Reporting measures are essential to verify that users in the target tenant have access and can access data. The Microsoft 365 Admin Center inherently offers a way to monitor user behavior. However, this is not live data and is only made available after approximately between 24 and 48 hours.
Another important reporting option is Azure AD, where logins and the functionality of possible security policies can be viewed. Also, one of the most important indicators is the successful authentication including second factor.
For example, there might be duplicate license assignments, your users aren’t using certain features from the assigned license, and you probably could assign a smaller one and save money. Furthermore, there might be some users who are on maternity/paternity leave, or on sabbatical leave and maybe just need to preserve the Exchange Online mailbox data which doesn’t requires a license (Inactive Mailboxes feature).
What Defines Success And Failure
You are either successful at doing something, or achieving some milestone, or you failed at doing something or did not achieve a milestone. It is difficult to talk about success and failure in a migration. In my opinion, the biggest success is a smooth process, with very good communication towards the project participants, but mainly towards the end users. Also, the possibility to authenticate and access the data again without much trouble. This success is shaped by the definition of what data can and cannot be migrated and how.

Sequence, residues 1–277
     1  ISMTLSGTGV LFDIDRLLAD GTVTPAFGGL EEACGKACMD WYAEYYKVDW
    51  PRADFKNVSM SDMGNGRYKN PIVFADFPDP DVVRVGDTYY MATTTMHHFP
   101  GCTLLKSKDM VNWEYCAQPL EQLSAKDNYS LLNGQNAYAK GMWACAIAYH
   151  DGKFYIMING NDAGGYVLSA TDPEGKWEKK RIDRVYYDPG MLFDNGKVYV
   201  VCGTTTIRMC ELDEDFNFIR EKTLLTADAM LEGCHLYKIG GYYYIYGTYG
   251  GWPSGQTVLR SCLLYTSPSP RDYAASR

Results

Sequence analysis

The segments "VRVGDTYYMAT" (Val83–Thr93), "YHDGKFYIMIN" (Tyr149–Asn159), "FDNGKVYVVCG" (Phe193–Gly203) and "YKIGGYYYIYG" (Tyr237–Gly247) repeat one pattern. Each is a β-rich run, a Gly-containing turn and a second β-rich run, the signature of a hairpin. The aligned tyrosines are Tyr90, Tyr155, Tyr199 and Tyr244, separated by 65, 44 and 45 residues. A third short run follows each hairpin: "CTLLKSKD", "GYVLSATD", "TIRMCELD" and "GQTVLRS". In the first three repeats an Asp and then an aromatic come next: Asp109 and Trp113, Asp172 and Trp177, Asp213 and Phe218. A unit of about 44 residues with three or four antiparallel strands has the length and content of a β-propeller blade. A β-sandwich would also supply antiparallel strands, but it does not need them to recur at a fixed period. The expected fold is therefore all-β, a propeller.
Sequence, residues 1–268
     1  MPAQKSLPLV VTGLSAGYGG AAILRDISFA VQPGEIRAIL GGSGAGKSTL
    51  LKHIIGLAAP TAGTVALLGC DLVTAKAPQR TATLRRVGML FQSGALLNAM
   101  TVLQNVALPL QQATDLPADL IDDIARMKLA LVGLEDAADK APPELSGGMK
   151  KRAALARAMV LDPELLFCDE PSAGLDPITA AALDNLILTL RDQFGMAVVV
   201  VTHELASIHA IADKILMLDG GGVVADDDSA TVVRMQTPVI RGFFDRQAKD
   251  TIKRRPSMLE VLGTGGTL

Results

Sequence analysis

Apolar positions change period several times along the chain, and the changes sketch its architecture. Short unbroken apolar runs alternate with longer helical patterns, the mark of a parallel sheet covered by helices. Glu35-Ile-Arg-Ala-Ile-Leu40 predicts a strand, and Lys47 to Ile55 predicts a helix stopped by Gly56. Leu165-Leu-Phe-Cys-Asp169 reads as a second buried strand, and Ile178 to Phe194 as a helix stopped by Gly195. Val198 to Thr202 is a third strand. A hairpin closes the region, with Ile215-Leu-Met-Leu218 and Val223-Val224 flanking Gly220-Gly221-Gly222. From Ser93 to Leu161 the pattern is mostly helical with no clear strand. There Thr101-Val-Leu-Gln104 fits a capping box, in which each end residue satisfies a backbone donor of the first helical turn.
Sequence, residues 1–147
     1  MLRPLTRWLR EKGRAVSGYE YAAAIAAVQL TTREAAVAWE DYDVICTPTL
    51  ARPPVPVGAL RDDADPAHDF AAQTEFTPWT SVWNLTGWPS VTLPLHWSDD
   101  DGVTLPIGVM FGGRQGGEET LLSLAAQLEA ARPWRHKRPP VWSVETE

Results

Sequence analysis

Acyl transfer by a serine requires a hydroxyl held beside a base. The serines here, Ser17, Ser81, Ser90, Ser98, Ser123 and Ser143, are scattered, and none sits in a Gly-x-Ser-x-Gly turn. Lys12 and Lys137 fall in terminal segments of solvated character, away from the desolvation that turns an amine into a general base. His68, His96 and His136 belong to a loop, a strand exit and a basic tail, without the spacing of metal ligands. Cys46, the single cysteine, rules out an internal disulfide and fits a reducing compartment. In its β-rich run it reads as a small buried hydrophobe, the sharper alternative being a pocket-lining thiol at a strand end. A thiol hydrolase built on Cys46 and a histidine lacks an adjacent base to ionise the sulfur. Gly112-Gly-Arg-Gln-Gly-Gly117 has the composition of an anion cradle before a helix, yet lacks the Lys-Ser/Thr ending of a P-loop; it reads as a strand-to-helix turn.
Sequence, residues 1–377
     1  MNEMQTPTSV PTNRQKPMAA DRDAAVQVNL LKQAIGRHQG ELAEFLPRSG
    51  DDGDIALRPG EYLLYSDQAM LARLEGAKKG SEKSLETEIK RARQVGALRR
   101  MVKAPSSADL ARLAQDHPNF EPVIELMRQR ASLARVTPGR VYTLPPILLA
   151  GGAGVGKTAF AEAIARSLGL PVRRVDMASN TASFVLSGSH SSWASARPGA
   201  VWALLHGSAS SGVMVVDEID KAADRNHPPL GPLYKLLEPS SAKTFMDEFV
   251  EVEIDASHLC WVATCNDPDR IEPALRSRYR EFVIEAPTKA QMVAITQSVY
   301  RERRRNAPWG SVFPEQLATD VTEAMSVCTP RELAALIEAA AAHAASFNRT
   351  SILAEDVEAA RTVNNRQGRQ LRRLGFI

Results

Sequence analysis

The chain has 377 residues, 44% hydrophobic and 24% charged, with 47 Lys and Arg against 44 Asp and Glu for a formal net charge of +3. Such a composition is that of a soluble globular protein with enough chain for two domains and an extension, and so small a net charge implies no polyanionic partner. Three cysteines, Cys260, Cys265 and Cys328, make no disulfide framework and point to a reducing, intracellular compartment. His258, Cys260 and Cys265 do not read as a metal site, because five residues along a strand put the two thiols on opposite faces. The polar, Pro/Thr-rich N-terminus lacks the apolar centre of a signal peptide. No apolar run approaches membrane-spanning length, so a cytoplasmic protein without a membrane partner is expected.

Failure occurs when the expectation of a migration was not clearly defined from the beginning and there was inadequate communication or no communication at all. Failure can also occur when the logon to the new tenant does not work and the users do not have any data. Likewise, business-critical applications and functions must function properly.
More Automation, Please
ISVs update their tools as often as necessary to take full advantage of the latest Graph API migration/access capabilities. To do this, they can usually incorporate various customizations and manual requests and act very flexibly. Of course, many things can be automated. Besides the Microsoft 365 DSC, there are many PowerShell or even Graph API scripts in the community that can be brought here for various functionalities and migrations. It is also important to be familiar with both modules and to script recurring work. Anything that can be automated in some way should be used. People make mistakes and a working script or program can run things infinitely without error.
Tenant to tenant migrations require a lot of planning and communication. In addition to thorough consideration and vetting of various ISVs, it is important to define the scope of the migration and prioritize the business-critical applications. Scripts and programs from the community also help to perform more specific or manual tasks and migrations in addition or on the side, for which the Graph API does not provide an interface.
While ENow is not a migration company, our software does enable IT Pros to assess their organizations' readiness for Office 365 and accelerate their migration. In particular, ENow's solution helps organizations verify appropriate network connectivity, validate hybrid components (ADFS & AAD Connect) are setup correctly, and that mail routing is functioning.